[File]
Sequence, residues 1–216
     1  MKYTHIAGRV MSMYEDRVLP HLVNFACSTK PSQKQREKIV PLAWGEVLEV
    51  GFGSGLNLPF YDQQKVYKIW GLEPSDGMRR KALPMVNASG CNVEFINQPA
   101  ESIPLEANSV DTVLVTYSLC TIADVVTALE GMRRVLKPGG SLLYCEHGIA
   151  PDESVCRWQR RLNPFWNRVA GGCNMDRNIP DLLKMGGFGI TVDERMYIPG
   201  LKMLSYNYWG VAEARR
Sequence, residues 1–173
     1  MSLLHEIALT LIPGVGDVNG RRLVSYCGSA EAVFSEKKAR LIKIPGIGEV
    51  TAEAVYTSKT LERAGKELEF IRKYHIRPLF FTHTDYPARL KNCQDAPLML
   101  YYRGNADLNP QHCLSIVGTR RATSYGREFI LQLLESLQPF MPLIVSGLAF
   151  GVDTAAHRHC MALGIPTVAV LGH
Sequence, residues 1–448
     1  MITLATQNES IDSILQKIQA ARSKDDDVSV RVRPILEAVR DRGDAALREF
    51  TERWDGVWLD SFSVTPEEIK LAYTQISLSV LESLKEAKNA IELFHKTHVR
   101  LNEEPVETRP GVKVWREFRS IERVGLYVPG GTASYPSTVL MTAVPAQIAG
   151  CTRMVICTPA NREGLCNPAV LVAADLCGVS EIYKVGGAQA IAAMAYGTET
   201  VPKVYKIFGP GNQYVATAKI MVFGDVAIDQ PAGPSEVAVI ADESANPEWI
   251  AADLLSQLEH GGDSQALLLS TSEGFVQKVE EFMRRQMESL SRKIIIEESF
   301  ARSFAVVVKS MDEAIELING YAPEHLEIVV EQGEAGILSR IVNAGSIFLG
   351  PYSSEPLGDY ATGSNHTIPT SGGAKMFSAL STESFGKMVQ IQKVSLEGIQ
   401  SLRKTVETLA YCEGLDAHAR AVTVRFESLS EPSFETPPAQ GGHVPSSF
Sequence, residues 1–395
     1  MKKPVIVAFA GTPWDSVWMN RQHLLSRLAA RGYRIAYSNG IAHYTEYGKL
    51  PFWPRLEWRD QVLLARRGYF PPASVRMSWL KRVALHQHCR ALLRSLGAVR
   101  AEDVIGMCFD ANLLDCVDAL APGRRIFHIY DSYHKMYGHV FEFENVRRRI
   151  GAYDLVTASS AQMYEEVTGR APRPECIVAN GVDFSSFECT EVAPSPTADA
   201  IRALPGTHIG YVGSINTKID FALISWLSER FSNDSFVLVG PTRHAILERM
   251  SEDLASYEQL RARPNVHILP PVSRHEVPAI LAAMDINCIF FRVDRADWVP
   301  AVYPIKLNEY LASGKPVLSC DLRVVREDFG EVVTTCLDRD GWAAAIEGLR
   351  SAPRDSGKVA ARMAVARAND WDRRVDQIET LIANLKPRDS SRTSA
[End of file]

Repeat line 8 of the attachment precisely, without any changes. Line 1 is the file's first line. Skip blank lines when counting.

     1  MSLLHEIALT LIPGVGDVNG RRLVSYCGSA EAVFSEKKAR LIKIPGIGEV